Juniper Networks

   Nischal Sheth
   Juniper Networks

   Aldrin Isaac
   Juniper

   Mudassir Tufail
   Citibank

13.  Acknowledgments

   The authors would like to thank Neil Hart, David Motz, Dai Truong,
   Thomas Morin, Jeffrey Zhang, Shankar Murthy and Krzysztof Szarkowicz
   for their valuable feedback and contributions.  Also thanks to John
   Scudder for his thorough review that improved the quality of the
   document significantly.

14.  References

14.1.  Normative References

   [RFC2119]  Bradner, S., "Key words for use in RFCs to Indicate
              Requirement Levels", BCP 14, RFC 2119,
              DOI 10.17487/RFC2119, March 1997,
              <https://www.rfc-editor.org/info/rfc2119>.

   [RFC8174]  Leiba, B., "Ambiguity of Uppercase vs Lowercase in RFC
              2119 Key Words", BCP 14, RFC 8174, DOI 10.17487/RFC8174,
              May 2017, <https://www.rfc-editor.org/info/rfc8174>.

   [RFC6514]  Aggarwal, R., Rosen, E., Morin, T., and Y. Rekhter, "BGP
              Encodings and Procedures for Multicast in MPLS/BGP IP
              VPNs", RFC 6514, DOI 10.17487/RFC6514, February 2012,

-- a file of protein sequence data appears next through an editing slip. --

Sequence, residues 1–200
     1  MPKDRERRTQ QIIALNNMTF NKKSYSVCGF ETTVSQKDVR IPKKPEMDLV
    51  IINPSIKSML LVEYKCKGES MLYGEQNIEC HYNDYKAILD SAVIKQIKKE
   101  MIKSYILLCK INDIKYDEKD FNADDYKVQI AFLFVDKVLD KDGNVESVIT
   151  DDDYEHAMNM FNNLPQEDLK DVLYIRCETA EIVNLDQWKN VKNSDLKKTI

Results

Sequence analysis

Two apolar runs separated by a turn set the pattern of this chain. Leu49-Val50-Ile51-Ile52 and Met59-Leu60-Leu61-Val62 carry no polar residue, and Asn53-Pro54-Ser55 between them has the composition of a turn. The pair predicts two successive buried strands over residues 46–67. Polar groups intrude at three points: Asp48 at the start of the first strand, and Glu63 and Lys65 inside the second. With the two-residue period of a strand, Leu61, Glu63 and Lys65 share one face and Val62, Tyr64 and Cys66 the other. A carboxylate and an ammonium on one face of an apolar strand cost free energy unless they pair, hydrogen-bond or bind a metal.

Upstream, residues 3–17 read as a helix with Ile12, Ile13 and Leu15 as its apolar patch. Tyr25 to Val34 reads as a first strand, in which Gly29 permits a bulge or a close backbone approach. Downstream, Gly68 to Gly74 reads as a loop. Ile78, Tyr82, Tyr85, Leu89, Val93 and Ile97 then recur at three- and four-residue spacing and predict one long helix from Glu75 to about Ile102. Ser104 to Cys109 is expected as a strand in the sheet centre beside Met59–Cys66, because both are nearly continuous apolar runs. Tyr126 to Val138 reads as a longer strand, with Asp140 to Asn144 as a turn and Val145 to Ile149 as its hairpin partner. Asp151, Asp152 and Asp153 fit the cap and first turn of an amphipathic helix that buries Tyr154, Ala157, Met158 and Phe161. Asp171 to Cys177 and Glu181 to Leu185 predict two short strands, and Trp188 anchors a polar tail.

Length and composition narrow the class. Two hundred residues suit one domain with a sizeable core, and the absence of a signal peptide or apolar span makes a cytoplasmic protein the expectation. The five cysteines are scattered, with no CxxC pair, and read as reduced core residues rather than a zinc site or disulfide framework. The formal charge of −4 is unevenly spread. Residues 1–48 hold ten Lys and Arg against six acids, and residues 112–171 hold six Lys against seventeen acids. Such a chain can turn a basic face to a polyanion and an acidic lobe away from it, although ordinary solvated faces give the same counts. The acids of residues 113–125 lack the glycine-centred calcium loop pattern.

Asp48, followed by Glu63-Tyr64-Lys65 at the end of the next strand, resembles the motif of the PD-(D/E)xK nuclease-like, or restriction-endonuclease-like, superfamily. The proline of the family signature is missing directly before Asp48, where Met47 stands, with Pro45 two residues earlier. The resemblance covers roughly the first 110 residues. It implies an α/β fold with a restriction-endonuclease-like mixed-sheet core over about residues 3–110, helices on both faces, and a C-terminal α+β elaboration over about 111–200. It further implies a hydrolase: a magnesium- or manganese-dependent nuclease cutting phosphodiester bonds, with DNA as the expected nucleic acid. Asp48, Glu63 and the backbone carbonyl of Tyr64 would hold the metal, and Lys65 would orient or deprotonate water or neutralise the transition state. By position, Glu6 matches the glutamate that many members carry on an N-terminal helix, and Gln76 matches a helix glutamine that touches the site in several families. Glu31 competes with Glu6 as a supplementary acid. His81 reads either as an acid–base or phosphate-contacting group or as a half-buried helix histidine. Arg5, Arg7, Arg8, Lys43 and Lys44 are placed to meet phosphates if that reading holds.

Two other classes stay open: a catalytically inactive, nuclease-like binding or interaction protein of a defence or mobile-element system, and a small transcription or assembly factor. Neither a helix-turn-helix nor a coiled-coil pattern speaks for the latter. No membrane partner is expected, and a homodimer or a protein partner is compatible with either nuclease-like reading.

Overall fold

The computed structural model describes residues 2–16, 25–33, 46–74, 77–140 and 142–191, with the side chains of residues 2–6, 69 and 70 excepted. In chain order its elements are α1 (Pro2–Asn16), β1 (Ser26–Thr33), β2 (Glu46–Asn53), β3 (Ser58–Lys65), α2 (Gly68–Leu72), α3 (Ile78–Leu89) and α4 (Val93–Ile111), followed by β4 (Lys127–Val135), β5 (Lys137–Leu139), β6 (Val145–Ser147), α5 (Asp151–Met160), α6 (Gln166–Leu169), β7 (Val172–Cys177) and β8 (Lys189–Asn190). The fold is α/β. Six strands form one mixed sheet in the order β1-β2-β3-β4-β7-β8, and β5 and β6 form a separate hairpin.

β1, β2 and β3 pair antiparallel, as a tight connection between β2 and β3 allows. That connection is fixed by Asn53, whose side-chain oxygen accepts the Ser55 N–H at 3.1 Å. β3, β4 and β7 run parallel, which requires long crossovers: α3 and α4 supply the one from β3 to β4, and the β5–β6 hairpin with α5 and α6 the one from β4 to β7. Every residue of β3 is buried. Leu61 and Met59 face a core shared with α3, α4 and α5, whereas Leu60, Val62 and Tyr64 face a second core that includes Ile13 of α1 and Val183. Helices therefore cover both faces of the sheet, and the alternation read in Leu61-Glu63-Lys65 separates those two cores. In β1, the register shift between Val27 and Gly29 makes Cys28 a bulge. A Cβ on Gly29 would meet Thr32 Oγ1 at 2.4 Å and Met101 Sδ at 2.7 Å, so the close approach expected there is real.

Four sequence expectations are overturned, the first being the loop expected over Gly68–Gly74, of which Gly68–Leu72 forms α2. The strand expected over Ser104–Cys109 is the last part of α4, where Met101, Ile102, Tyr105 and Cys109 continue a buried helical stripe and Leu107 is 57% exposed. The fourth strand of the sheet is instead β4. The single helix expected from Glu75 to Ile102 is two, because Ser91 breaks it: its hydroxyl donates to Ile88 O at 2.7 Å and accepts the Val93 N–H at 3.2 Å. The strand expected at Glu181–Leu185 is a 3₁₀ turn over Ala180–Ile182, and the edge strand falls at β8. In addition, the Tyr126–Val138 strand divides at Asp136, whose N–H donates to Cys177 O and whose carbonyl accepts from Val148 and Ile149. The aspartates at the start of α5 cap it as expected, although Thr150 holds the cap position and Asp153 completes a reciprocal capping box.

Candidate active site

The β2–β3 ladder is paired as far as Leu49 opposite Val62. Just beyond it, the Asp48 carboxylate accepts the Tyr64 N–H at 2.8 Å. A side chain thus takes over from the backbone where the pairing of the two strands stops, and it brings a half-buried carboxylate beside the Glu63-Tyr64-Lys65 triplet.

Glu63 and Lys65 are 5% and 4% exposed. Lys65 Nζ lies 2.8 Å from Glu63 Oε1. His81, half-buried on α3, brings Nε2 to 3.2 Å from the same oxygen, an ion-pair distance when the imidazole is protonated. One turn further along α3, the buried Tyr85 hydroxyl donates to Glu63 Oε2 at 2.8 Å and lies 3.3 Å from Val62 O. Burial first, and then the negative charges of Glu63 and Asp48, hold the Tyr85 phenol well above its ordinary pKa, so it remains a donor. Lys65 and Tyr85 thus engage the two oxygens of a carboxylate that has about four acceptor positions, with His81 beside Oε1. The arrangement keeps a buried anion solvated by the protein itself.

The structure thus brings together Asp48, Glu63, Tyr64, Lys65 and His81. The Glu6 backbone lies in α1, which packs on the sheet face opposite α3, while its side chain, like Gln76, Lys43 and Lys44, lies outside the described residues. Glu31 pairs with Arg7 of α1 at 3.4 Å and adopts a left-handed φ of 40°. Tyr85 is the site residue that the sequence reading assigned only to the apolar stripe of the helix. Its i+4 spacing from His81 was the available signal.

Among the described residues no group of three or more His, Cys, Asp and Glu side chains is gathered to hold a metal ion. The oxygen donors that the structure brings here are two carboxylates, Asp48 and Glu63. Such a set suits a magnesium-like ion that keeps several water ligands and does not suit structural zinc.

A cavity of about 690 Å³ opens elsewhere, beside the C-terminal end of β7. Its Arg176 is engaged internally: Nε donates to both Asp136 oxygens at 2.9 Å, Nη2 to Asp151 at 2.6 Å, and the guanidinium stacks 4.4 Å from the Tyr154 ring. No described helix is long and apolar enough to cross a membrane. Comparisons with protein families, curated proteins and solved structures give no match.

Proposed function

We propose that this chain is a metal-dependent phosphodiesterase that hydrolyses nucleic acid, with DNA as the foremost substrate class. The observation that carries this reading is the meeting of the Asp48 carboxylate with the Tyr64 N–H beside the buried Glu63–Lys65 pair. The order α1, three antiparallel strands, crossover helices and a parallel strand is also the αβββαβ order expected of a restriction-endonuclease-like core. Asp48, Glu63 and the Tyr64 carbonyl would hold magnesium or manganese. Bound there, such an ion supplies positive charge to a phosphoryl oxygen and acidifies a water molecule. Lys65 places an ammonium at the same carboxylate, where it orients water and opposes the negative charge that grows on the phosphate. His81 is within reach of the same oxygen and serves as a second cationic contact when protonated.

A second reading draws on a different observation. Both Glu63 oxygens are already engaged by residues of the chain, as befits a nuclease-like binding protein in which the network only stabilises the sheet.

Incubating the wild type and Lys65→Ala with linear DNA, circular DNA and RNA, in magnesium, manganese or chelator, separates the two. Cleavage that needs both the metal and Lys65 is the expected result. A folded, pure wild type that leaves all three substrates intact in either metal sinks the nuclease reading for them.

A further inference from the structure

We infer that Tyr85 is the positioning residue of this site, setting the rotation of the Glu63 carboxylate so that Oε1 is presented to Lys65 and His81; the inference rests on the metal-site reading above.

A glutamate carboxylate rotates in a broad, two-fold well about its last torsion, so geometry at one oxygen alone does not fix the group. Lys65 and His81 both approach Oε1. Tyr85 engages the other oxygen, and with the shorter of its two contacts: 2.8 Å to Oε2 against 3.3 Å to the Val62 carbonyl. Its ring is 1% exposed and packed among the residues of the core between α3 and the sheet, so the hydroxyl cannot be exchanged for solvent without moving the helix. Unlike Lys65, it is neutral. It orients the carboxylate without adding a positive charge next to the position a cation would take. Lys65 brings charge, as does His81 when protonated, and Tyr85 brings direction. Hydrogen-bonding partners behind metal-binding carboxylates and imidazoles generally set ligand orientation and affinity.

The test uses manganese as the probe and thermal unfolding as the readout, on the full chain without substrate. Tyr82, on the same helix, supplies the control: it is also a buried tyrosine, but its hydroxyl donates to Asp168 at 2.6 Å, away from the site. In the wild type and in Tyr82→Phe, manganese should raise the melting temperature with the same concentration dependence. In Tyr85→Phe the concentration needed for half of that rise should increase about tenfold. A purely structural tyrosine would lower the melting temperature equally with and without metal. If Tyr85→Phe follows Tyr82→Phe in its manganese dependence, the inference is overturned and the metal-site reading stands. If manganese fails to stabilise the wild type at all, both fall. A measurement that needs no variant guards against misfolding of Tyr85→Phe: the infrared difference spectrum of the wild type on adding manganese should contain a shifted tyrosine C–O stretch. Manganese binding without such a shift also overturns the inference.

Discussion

<https://www.rfc-editor.org/info/rfc6514>.

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   [RFC7432]  Sajassi, A., Ed., Aggarwal, R., Bitar, N., Isaac, A.,
              Uttaro, J., Drake, J., and W. Henderickx, "BGP MPLS-Based
              Ethernet VPN", RFC 7432, DOI 10.17487/RFC7432, February
              2015, <https://www.rfc-editor.org/info/rfc7432>.

   [I-D.ietf-bess-evpn-bum-procedure-updates]
              Zhang, Z., Lin, W., Rabadan, J., Patel, K., and A.
              Sajassi, "Updates on EVPN BUM Procedures", draft-ietf-
              bess-evpn-bum-procedure-updates-14 (work in progress),
              November 2021.

   [RFC7902]  Rosen, E. and T. Morin, "Registry and Extensions for
              P-Multicast Service Interface Tunnel Attribute Flags",
              RFC 7902, DOI 10.17487/RFC7902, June 2016,
              <https://www.rfc-editor.org/info/rfc7902>.

   [RFC6513]  Rosen, E., Ed. and R. Aggarwal, Ed., "Multicast in MPLS/
              BGP IP VPNs", RFC 6513, DOI 10.17487/RFC6513, February